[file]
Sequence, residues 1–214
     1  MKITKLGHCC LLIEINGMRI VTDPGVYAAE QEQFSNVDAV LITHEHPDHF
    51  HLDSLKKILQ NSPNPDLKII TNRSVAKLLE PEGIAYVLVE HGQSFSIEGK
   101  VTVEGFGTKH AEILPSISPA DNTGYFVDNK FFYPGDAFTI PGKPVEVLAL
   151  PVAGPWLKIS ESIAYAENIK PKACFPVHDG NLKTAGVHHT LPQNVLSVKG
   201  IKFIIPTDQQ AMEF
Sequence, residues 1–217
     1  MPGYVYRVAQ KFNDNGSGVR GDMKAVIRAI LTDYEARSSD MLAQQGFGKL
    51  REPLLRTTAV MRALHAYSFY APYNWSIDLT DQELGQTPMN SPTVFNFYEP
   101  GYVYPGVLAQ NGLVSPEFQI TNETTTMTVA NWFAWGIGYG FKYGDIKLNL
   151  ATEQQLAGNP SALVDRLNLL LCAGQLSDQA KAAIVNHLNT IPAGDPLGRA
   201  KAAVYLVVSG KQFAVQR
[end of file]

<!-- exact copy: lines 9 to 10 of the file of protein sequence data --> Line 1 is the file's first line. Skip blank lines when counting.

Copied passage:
    51  REPLLRTTAV MRALHAYSFY APYNWSIDLT DQELGQTPMN SPTVFNFYEP
   101  GYVYPGVLAQ NGLVSPEFQI TNETTTMTVA NWFAWGIGYG FKYGDIKLNL